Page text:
The decorating and painting, of which I am no longer enticed to participate in thank god, would take hold one day and be done the next. Fast, is a word that we all know intimately well. It is as though we don’t know how to do anything slowly.

And of course, fast doesn’t feel fast it feels normal. Until others look in on what we are doing and make mention, and then we sheepishly go, ‘oh yeah’ guess that was kinda fast. We get an idea, and before you can say ‘yes lets do it’ it is done. Well, mostly, you know what I mean. And so, the rate of movement and development at CCIM (Capturing Courage International Ministries for those new to me) is nothing very out of the ordinary at all!

And I need to remind myself of this every so often. Two folks recently watching the work of Capturing Courage have both commented on the speed of things. And to me it feels slower than the years prior (but I know it is not).

I write this on the deck at the back of the house. The sun is filtering through the trees and I’m enjoying a slow start to this day. And I realize that slowness grounds me in the midst of the break-neck speed of CCIM. I am well fashioned for this work in all ways and I remain grounded with little pockets of slow. I start my days with slow (slow in context of great speed) and I end my days with slow.

Years ago when I was homeschooling and tutoring many children I would regularly take one or two tea breaks every day sitting on the front steps of my home. Just fifteen minutes of relative silence, a bit of fresh air, good tea and warm cup in my hands and belly, and I was refreshed and ready to carry on. I’ve never been very good at non-stop action, never have been.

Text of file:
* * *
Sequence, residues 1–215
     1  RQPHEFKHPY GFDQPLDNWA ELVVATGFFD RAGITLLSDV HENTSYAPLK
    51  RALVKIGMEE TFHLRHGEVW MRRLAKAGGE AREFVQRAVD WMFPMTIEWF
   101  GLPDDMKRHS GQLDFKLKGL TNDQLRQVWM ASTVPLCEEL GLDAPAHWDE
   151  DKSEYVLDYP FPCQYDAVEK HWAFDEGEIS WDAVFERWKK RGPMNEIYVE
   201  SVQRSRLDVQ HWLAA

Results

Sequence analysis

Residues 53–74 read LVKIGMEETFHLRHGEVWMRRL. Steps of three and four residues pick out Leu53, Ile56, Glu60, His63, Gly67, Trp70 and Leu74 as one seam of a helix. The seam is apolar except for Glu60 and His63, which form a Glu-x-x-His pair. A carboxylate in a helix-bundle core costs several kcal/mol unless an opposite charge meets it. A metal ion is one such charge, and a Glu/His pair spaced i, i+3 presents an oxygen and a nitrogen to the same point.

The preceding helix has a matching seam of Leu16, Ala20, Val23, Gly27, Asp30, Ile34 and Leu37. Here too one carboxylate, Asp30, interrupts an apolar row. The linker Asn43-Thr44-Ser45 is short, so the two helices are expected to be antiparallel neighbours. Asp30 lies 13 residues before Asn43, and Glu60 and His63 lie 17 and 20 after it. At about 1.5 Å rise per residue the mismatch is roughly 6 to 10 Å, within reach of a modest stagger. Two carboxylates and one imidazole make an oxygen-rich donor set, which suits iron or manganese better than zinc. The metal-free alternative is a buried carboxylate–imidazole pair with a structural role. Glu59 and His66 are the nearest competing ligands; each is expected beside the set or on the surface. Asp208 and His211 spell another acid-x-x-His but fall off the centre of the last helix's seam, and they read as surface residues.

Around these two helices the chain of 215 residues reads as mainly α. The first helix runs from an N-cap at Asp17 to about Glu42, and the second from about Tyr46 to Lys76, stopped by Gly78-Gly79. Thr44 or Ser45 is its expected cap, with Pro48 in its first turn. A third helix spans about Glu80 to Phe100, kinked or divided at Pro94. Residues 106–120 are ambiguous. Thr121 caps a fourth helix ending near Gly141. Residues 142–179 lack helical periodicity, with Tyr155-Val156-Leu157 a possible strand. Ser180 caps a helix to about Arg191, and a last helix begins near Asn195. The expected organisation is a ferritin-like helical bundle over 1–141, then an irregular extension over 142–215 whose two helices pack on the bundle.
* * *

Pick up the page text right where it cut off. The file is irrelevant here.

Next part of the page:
I have to stop when I am tired and in this I’ve learned to work hard and to rest hard. Little bits of nothing and I’m good to go. At seemingly break-neck speed. It is this interesting mix of go, go, go, stop. It’s a rhythm I enjoy and seem to thrive on.

My goals for the summer, in addition to the myriad of work and such that must be accomplished, are:

  • do a few hikes
  • set up my tent and sleep in it in the back yard
  • go sailing with my brother
  • walk the rocks from white rock beach to crescent beach
  • spend a week-plus on the island
  • hang at the beach sunning and swimming, at least one day this summer
  • head downtown a few days to meander
  • walk the sea-wall around Stanley Park
  • visit my friend on the Sunshine Coast
  • go swimming with another friend
  • go walking as much as possible
  • go for a few bike rides
  • a day trip to Victoria, always a lovely thing to do
  • get to the firework shows that happen every summer here in Vancouver

I’m a firm believer in working hard and resting hard. Adding in more play is something I’m committed to and there is nothing like being in Vancouver for the summer to help make this happen.

Well, that is my rambling for the day, just couldn’t bring myself to write about congregational health today! What are your plans for the summer and how do you rest in the midst of accomplishing and working?